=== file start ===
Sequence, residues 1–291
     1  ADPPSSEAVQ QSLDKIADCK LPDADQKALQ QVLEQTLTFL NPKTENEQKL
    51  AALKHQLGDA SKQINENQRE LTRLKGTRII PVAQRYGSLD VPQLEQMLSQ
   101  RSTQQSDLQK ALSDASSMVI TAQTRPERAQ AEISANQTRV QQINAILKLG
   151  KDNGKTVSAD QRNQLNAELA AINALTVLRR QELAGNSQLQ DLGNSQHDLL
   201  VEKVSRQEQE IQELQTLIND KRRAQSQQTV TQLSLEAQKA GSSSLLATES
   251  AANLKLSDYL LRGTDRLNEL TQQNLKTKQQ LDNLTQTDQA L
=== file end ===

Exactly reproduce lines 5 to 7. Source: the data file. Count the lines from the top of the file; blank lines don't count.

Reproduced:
   151  KDNGKTVSAD QRNQLNAELA AINALTVLRR QELAGNSQLQ DLGNSQHDLL
   201  VEKVSRQEQE IQELQTLIND KRRAQSQQTV TQLSLEAQKA GSSSLLATES
   251  AANLKLSDYL LRGTDRLNEL TQQNLKTKQQ LDNLTQTDQA L